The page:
Tuesday, September 24, 2013

Chest Arthritis in Women - Treating Inflamed Cartilage Attached to Breast Bone

Unlike the common symptoms of osteoarthritis or rheumatoid arthritis where it occurs in the knee, hip, feet, hands and fingers - these two types of the disease can also flare up in the chest.

Both women and men can develop chest arthritis but for women it can be particularly uncomfortable.

When it spreads to the breast bone, simple functions like breathing, coughing, sneezing and laughing cause the lungs to press against this bone which creates pressure against the inflamed region.

Some women describe the feeling as similar to being given a bear hug, while lying down on ones side may provoke the same lung restricting pain.

However, if this restrictive feeling is just starting to affect you and you haven't been diagnosed as of yet, you could well be experiencing Costochondritis.

This is not incurable and may go away after a few weeks or months, but the symptoms are very similar, but this time it's just a temporary inflammation of the cartilage of the breast and ribs that are causing the chest pain.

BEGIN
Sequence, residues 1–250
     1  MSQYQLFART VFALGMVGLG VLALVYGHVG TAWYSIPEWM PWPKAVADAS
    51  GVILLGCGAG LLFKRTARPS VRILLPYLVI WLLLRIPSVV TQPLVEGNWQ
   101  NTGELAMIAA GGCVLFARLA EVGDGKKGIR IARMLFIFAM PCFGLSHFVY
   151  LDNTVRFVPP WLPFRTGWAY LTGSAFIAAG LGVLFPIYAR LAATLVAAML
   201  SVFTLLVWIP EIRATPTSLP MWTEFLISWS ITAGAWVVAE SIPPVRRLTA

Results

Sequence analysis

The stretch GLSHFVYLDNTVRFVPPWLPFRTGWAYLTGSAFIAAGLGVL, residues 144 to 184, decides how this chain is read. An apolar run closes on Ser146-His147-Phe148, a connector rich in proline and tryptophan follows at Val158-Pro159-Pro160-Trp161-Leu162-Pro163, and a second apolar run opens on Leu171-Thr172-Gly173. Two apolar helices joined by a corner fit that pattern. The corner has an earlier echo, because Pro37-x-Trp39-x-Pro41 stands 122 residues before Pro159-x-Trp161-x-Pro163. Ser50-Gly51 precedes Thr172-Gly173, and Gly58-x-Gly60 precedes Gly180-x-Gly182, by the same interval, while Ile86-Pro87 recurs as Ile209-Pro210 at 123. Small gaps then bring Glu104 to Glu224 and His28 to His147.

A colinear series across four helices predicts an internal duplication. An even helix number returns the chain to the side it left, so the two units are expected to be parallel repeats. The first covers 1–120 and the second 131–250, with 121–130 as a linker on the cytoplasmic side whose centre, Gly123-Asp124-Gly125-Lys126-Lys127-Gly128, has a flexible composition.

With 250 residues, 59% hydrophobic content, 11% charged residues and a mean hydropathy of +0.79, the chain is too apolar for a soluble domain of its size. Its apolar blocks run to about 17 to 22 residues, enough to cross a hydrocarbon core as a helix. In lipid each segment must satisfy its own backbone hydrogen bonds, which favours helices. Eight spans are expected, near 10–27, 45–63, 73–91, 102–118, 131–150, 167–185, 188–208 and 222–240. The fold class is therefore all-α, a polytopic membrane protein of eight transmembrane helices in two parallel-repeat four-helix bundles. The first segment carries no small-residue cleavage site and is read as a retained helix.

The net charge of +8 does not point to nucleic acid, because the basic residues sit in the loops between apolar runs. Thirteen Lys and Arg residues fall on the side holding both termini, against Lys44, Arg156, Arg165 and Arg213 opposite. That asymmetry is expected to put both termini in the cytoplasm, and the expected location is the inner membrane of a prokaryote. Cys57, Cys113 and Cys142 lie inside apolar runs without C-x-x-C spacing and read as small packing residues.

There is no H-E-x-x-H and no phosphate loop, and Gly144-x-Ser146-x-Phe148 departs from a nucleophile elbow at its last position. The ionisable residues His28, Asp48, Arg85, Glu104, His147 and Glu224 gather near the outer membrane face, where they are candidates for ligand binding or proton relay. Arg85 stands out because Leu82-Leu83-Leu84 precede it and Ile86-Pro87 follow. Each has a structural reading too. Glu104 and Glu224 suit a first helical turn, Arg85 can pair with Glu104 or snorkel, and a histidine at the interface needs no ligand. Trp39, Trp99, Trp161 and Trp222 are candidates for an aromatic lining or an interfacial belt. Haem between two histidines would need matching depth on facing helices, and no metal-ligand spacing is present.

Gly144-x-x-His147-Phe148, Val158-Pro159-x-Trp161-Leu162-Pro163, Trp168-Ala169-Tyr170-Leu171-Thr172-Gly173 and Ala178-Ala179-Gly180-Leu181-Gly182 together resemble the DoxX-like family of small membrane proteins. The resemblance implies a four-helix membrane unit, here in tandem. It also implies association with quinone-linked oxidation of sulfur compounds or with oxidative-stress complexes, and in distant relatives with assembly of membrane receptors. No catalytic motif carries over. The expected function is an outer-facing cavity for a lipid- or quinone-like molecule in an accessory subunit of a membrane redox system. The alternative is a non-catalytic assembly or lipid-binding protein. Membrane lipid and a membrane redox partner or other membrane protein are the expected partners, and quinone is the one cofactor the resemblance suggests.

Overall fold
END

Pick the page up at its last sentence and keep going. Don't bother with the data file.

If unfortunately this isn't the case and the cartilage attached to the breast bone continues to flare up then there are a combination of treatments that may work for you:

Treating Arthritis in the Chest:

1. Minocycline

This is in fact used to treat severe cases of rheumatoid arthritis, but sometimes when breathing can become so restricted that it becomes life threatening, then Minocycline may be prescribed to treat osteoarthritis in the chest.

Some patients may go on using this indefinitely, so bear in mind it is an NSAID and there will be risks involved if used long-term, but for short term-term it may provide the relief you need.

2. Cortisone injection

A steroid injection into the swollen cartilage to reduce the inflammation may provide the relief you need if it's flared up.

You may only need this once or not, impossible to tell with this disease.

3. Tylenol Extra Strength

Supposedly, this is one of the few NSAID's that work well for chest arthritis.

Celebrex was also once touted as an effective NSAID, but this has now been taken off the shelf due to the inherent health risks patients experienced, so be careful using any NSAID long-term.

4. FDA homeopathic pain relievers

If the pain isn't too unbearable then FDA homeopathic natural supplements are as good if not better than most NSAIDs, plus they're completely safe and are used long-term.

The common ingredients now most people are familiar with are Glucosamine Complex, Chondroitin Sulfate and MSM.

They work on three fronts.

They alleviate the swelling, reduce the pain and help re-build bone density.

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